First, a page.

By Ursula Thomas Miller
When it comes to teaching with technology, Stephen Yandell is torn.
On one hand, the professor of medieval English literature embraces the traditional classroom with its face-to-face instruction and eschews recent advances in web-based curriculum. On the other, he’s intrigued by the wide variety of user-friendly technologies transforming the form, feel and delivery of higher education in today’s globally focused, Internet-dependent world.
“I have a conflicted relationship with online learning,” says Yandell. “I am both skeptical and excited about the possibilities.”
Skeptical, he says, because online classes have a tarnished reputation for being too easy. Excited because today’s technology allows for innovative and creative ways to study almost any topic.
Even medieval literature.
“There is technology that allows you to explore medieval manuscripts,” Yandell says. “It can turn the pages for you. It’s great and that’s just the beginning. I was at a conference on medieval studies, and one presenter told us how she took her students to a Second Life space where she had designed a way for them to deal with various portions of the text while forced, as an avatar character, to confront the same issues of greed that the Pardoner addresses in Chaucer’s The Pardoner’s Tale.”
In many ways, Yandell’s love-hate relationship exemplifies the fear and fascination sweeping campus as Xavier begins to chart its path into a realm now dominated by for-profit institutions such as the University of Phoenix.
Exactly where or how Xavier positions itself is uncertain because the University hasn’t outlined a clear strategy—yet. But it’s coming. Yandell is co-leading a group studying the issue. (See sidebar.)
“It will be a serious concern for Scott Chadwick, the new provost, to put structures in place to address Xavier’s proper place in online course delivery,” says Steve Herbert, a physics professor who co-chaired the University’s search for a new provost and chief academic officer to replace Roger Fortin, who’s retiring and returning to teaching this summer. “Everyone knows this is something we have to do and that’s been reflected in the provost search, but no one has stepped up or is capable of stepping up because no one really has the power.”
To this point, Xavier’s foray into online classes has been a random, grassroots effort. It started seven or eight years ago, with a handful of pioneering professors who experimented with online tools such as podcasts and discussion boards to reach graduate students in business and education.
Now online classes, mostly graduate level, are offered through all three colleges. Xavier also is on the cusp of a watershed event. The University is expected to unveil its first online degree—a master’s degree in Montessori education—as early as Fall 2012.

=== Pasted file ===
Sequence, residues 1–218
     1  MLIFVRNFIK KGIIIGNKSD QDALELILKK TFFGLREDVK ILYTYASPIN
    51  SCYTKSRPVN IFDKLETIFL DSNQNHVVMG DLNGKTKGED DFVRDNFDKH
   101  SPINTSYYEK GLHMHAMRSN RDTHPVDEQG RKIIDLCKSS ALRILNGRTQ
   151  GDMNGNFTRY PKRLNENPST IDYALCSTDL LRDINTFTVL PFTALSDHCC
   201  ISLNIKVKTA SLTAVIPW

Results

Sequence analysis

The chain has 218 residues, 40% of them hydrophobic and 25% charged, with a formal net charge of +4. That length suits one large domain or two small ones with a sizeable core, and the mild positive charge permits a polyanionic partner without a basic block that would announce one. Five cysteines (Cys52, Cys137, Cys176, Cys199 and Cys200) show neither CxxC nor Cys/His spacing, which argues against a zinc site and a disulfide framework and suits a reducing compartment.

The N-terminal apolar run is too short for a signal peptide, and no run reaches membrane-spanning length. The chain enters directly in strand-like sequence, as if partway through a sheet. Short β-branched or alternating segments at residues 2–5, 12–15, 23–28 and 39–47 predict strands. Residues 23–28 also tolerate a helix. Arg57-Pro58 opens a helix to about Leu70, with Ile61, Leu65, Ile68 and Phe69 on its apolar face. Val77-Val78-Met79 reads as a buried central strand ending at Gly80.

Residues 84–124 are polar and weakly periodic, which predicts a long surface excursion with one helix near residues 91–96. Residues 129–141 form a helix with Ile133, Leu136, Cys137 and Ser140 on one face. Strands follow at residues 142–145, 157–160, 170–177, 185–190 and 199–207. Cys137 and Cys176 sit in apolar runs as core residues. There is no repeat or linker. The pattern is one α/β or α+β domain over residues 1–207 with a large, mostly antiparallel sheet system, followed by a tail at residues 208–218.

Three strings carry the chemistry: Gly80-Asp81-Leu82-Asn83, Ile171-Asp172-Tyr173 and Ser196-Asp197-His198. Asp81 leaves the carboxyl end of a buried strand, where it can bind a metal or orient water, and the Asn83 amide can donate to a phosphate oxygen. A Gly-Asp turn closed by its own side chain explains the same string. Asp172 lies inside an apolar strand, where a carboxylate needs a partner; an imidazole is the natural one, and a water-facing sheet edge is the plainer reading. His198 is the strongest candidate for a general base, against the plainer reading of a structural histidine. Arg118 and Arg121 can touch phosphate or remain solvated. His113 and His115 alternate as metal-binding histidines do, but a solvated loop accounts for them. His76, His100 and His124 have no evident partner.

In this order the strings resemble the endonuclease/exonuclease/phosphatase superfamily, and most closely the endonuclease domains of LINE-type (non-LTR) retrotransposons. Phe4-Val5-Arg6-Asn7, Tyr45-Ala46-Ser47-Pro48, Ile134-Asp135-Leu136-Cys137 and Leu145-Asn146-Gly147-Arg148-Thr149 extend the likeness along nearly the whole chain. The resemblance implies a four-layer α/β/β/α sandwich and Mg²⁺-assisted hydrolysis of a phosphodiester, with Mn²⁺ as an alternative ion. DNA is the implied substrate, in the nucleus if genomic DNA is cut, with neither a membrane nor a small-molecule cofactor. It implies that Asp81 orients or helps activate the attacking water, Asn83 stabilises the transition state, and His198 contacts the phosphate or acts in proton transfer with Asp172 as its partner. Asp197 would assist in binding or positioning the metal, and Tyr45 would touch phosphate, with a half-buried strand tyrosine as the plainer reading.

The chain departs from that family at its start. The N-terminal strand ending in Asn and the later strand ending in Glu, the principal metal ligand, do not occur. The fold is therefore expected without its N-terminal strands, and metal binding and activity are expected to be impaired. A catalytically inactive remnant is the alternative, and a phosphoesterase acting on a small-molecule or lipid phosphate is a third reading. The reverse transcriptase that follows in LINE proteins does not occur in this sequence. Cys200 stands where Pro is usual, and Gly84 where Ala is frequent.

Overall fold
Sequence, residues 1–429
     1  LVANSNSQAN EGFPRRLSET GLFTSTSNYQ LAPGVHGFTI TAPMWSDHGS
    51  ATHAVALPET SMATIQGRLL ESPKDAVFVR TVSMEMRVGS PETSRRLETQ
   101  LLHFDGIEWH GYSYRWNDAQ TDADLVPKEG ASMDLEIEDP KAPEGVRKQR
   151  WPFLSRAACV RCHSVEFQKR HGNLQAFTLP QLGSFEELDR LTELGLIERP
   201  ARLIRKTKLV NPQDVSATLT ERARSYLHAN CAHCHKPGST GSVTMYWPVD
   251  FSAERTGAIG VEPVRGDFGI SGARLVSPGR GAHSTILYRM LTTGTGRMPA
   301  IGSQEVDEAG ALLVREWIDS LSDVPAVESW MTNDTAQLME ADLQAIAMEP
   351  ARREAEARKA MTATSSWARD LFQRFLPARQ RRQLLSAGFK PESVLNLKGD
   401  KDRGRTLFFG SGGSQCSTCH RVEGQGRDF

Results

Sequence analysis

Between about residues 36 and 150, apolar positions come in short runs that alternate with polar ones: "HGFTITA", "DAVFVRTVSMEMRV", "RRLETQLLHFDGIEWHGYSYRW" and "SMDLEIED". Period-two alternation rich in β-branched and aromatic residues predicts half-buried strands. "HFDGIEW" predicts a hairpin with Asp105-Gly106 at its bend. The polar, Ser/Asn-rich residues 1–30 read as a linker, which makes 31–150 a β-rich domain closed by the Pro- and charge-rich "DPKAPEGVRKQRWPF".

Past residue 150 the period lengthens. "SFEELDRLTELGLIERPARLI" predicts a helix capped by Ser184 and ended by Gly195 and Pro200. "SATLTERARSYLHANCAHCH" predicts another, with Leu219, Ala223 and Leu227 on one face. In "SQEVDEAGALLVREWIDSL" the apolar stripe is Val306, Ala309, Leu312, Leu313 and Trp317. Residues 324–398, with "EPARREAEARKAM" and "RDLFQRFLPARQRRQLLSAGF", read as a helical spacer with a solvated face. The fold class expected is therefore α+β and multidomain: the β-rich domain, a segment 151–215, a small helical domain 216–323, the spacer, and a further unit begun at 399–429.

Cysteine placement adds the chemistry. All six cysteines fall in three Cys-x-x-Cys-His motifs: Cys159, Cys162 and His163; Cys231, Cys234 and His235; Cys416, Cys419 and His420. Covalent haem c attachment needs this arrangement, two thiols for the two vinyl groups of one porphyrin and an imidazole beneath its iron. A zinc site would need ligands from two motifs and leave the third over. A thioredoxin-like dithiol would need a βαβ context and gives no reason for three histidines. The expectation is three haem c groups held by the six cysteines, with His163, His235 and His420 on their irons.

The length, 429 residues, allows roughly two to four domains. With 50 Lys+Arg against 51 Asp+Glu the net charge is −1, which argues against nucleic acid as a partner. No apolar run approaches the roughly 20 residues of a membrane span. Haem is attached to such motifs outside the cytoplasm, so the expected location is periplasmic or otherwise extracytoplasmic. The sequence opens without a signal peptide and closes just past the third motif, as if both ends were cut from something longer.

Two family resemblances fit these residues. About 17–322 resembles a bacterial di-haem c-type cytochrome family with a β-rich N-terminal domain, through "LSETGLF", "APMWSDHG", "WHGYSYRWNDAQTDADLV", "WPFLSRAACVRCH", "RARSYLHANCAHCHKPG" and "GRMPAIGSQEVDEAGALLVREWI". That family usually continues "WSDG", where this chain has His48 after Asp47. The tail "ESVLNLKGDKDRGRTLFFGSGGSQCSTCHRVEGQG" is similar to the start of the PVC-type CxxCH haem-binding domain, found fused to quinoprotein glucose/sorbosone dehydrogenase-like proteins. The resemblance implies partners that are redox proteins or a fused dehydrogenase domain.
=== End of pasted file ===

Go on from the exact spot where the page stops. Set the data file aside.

“Our direct competitors offer online degrees, so we need to get busy,” says Gina Lofquist, director for Xavier’s Montessori Education program. “It fulfills the mission and broadens Xavier’s opportunities.”
The availability of online classes at Xavier varies greatly, however, depending on demand in a particular program and the ability and willingness of faculty to make the digital leap from in-class to online.
“Every university is in a huge state of flux,” Yandell says of online curriculum nationwide. “The field of online courses has been the Wild West for many years now.”
The result will no doubt define a revolutionary change in higher education but the process is evolutionary, a phenomenon akin to other major technological advances throughout history.
“Every new technology that has come along has made educators nervous and the public, in general, starting with the printing press,” Yandell says, “and later AV technology, email and the Internet.”
As a result, Xavier and most traditional universities also offer hybrid classes that incorporate traditional classroom instruction with online components.
“Hybrid courses concede the benefit of meeting face to face with an instructor to guide students along the way,” Yandell says. “No one seems to have clear answers about what kinds of courses have proven to be best suited for online components or what steps are being taken to ensure that the same level of rigor is maintained for online and traditional classes.”
Yet the direction is unmistakable, Yandell says. “More online offerings are clearly a key direction that higher education is moving in, and it absolutely behooves us as a faculty at Xavier to address these questions right now. Putting our heads in the sand won’t do anything.”
Touch Points (continued)